For example, if you were sexually assaulted by a male authority figure, you may not feel comfortable being treated by a male therapist. Similarly, if you’re struggling with the everyday trauma of living as a racial or ethnic minority, you may be more comfortable seeing a therapist who can directly relate to your experiences.

Find Help in Unexpected Places

Keep in mind that you don’t have to find a therapist who perfectly matches your background, experiences, or identity.

You may find that a therapist with completely different life experiences can offer a refreshing perspective. You may feel more freedom to be honest about your struggles with someone who doesn’t have the same context as you.

Remember, what is most important is that you find a therapist you trust. It’s okay to be honest about any preferences you may have, but it’s also important to acknowledge that they are just preferences.

The truth is that any licensed therapist with the necessary credentials is qualified to help you—as long as you trust them to help you.

Find the Right Therapist for You

Ready to start on your journey to better mental health? Click here to find local therapists near you.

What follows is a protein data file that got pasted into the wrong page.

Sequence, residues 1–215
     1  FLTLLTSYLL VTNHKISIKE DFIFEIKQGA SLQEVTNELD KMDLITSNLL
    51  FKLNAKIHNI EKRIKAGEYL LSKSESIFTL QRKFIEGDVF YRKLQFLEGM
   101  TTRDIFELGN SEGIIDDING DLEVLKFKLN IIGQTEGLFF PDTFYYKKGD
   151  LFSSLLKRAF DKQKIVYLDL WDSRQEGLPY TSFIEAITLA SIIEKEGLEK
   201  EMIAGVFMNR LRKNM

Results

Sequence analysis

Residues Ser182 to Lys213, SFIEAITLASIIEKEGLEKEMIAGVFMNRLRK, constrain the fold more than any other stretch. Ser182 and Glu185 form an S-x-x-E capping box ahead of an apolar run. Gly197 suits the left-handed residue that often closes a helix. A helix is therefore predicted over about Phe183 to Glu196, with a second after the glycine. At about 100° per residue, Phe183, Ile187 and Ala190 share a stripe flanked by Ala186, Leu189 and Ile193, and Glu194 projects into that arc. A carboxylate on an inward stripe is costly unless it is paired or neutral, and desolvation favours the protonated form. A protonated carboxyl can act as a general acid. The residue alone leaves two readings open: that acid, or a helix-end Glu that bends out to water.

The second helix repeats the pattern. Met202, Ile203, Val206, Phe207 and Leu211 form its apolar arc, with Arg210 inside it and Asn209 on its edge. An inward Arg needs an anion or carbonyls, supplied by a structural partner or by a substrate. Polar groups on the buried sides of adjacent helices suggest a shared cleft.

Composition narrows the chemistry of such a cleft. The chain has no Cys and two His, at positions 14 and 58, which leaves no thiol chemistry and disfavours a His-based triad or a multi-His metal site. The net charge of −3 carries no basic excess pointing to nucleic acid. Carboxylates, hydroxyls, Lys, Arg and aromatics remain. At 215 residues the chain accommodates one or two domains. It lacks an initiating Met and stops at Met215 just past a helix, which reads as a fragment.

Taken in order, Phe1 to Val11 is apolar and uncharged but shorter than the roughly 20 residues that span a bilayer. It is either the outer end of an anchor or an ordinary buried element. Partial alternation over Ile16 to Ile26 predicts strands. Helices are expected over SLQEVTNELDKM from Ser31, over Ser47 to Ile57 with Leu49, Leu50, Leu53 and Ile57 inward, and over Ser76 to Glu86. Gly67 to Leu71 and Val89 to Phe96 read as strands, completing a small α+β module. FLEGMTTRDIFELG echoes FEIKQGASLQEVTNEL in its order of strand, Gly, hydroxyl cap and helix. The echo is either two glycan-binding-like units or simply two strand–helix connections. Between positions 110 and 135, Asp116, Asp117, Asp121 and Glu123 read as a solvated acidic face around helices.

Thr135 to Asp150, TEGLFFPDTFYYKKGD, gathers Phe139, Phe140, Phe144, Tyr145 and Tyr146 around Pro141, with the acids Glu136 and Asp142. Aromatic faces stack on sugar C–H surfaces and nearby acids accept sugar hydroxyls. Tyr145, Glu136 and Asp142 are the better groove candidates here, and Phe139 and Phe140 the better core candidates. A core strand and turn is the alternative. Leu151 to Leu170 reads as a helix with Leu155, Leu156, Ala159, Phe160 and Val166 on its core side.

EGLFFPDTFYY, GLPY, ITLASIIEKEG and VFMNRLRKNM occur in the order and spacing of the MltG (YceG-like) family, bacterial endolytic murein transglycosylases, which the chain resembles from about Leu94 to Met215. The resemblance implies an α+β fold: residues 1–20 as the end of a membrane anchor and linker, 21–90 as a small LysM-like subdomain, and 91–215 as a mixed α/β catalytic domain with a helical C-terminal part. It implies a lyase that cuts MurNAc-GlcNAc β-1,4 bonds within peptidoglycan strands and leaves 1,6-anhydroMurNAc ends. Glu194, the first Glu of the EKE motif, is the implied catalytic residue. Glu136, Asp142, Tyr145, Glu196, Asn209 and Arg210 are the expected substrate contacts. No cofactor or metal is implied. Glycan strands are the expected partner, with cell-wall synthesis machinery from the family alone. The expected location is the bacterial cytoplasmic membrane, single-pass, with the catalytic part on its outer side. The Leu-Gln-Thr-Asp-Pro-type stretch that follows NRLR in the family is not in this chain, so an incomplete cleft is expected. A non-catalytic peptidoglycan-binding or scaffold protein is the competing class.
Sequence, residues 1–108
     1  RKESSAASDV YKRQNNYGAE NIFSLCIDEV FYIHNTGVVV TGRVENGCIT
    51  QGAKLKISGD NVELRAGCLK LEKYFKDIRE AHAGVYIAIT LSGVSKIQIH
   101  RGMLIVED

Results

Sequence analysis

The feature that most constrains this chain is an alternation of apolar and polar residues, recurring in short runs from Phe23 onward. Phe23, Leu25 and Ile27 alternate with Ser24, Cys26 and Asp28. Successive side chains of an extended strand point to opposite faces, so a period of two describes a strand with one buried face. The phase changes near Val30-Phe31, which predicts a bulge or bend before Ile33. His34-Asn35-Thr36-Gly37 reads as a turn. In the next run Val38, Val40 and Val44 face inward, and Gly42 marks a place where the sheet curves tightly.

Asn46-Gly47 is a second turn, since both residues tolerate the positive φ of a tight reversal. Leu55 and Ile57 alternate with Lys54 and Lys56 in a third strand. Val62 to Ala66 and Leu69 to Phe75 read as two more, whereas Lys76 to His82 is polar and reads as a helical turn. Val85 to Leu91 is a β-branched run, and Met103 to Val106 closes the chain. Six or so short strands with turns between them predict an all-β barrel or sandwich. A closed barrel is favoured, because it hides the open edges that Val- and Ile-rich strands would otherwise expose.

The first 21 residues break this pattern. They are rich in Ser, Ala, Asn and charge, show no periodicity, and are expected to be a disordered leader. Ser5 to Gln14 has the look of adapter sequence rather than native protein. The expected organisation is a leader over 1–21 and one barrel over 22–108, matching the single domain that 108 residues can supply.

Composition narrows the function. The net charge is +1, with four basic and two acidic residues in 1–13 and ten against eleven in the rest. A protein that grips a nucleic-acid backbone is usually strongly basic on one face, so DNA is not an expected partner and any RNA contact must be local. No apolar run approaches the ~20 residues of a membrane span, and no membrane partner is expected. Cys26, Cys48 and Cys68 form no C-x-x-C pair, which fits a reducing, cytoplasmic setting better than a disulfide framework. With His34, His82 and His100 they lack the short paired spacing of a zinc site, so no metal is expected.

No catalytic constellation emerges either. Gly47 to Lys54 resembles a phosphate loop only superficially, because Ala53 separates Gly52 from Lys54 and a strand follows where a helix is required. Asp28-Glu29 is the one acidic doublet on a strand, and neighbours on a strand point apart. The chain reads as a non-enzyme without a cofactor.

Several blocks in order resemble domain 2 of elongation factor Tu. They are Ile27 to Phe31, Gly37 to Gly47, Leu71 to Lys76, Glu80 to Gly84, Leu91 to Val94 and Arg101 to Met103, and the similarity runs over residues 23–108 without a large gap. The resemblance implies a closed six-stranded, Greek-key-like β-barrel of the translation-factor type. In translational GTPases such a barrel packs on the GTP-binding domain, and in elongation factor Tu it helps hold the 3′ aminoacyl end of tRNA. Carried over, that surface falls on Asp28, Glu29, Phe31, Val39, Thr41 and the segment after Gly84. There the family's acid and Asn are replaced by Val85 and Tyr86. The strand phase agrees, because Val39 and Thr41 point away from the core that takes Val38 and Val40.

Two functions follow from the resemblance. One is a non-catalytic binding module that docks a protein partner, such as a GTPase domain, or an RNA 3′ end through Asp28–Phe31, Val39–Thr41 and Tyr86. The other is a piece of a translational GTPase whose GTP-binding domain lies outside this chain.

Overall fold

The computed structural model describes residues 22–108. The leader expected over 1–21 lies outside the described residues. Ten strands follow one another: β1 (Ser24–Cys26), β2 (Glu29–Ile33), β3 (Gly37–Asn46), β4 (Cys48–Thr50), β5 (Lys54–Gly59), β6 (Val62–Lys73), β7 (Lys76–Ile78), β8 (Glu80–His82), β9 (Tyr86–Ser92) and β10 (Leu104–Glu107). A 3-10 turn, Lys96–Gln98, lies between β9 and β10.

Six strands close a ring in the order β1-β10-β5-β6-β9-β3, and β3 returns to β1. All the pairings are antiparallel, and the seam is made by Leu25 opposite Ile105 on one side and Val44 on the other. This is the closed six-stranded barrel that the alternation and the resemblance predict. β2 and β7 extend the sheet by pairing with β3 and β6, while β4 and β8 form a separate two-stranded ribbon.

Frequently Asked Questions (FAQs)

Do I Need Therapy?

There is no litmus test to prove that you “need” therapy. Anyone can access professional mental health treatment at any time for any reason. If you have questions or concerns about your mental health, a therapist can help.

What Kind of Therapist Do I Need?

It can be difficult to know what kind of therapist you work best with when you’re just starting out. Here are some general tips to help you narrow down your choices:

  • Know why you’re going: It can help to have at least a general idea of what sort of mental health issues you’re dealing with. You don’t need to have a professional diagnosis yet. Instead, make a list of what you’re struggling with and what you hope to get out of therapy. This can help your therapist determine what sort of treatment you need and whether they offer such treatment.